Read on for the tutorial...
Remove all furniture, baseboards, etc from the room. I also recommend removing curtains and any other fabric as you will generate a lot of sanding dust. Empty the closet, even if you don't plan to refinish the closet floor.
You need to make sure you either have a subfloor underneath the hardwood, or a thick enough hardwood floor that it can handle being thinned a bit. Once a floor is too thin, you'll chance cracking boards in the future when you move heavy furniture around.
The first thing you'll need is a drum sander. Check with your local hardware and equipment rental stores. If you've never used one before, I'd highly recommend renting one from a smaller hardware store or rental shop, as the guy at Lowe's or Home Depot probably doesn't even know how to turn it on, much less instruct you in it's use. Make sure you get a sander that runs on 110 current, because they do make larger ones that require 220 volts and are much harder to use.
Here's a nice before picture that has the sander as well:
I figured this little gadget would save me some hand-sanding between coats of poly on the floor. Boy was I wrong. I ended up holding it by hand and using it that way since I'd bought a pack of 25 180 grit papers to fit it:
I couldn't get it to work without gouging the finish because it would wobble so much. It's a good thing I tested it in the closet.
I was woke up this morning by my brother. Okay, I was sleeping in - 2 guys and I unloaded around 800 boxes from a 53' truck yesterday, each weighed around 30 pounds. I hurt. Not as much as from sanding the floors however. Anyway he asked how the floors were coming since he doesn't have high-speed Internet he can't look himself. After I told him I still had two coats of poly to go, he said 'You should have called me - I just did my whole house and the poly I used didn't require sanding between coats. Just let it dry around 2 hours then apply another coat!'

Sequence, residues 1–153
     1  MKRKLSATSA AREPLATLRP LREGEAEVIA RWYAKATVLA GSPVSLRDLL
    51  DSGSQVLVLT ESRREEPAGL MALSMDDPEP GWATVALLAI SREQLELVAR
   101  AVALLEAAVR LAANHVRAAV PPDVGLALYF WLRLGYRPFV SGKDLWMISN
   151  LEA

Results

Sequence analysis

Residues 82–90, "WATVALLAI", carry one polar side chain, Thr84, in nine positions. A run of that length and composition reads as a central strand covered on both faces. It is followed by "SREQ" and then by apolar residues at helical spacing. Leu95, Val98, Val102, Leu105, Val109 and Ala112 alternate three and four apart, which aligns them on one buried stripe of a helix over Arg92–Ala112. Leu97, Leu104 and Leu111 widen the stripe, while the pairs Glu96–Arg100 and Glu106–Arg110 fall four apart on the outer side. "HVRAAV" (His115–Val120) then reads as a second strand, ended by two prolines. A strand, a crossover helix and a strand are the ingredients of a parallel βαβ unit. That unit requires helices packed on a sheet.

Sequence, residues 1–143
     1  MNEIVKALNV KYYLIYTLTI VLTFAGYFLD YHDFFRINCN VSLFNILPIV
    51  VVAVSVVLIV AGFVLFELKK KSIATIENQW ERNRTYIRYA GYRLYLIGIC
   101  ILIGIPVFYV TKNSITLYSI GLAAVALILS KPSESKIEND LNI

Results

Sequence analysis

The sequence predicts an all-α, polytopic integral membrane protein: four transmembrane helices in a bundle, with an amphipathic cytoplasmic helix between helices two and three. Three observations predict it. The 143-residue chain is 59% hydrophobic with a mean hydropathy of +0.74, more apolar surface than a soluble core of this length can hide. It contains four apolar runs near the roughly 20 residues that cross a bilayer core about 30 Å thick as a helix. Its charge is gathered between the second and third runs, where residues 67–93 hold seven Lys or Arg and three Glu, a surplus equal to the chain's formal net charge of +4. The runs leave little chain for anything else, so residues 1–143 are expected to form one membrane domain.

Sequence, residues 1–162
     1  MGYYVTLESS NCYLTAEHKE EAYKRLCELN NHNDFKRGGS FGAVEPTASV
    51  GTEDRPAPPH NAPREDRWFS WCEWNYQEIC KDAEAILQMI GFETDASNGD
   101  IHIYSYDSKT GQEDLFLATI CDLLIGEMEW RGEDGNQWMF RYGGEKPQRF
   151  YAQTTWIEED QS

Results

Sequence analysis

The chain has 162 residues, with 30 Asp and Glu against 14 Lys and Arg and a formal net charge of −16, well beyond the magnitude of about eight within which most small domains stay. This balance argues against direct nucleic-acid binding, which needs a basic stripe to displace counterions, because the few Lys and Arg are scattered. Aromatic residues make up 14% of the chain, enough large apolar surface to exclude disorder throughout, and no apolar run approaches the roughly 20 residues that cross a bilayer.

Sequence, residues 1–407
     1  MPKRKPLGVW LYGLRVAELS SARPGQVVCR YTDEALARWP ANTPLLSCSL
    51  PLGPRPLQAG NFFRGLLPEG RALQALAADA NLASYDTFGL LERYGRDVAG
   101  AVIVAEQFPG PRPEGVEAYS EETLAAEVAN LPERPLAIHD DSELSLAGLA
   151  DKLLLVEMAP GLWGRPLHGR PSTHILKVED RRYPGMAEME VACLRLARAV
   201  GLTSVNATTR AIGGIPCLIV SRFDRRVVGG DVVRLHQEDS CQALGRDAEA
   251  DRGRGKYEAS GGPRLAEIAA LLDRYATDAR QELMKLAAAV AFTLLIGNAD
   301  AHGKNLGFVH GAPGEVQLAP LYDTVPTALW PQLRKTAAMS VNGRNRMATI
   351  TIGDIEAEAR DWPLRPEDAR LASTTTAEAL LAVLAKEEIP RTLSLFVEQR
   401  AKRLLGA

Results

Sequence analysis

Polyurethane. Make sure you open a window. Goes on easy with the right tools. Before applying, I vacuumed the floor twice, and used a window washer 'mop', dry, to make sure I removed any left over dust. Then, just apply using a lambswool mop especially designed for it, going with the grain.
Here's the first coat, partially dry. I am amazed at how much darker the wood has turned, considering there is no stain at all, it's just natural oak. I didn't seal the floor first, so the poly soaked into the wood somewhat and tinted things it seems. I think it looks awesome:
When I sanded the floor, I had to remove the floor vent that opens up to the living room beneath, allowing hot air to rise from the furnace downstairs. It sounds... useless, but actually the vent works very well. Between the floor upstairs and the drywall ceiling downstairs are 2x8 beams and a plaster ceiling that was covered over with sheetrock when the living room was redone years ago.
You can see the hole in the floor in this picture (read more:)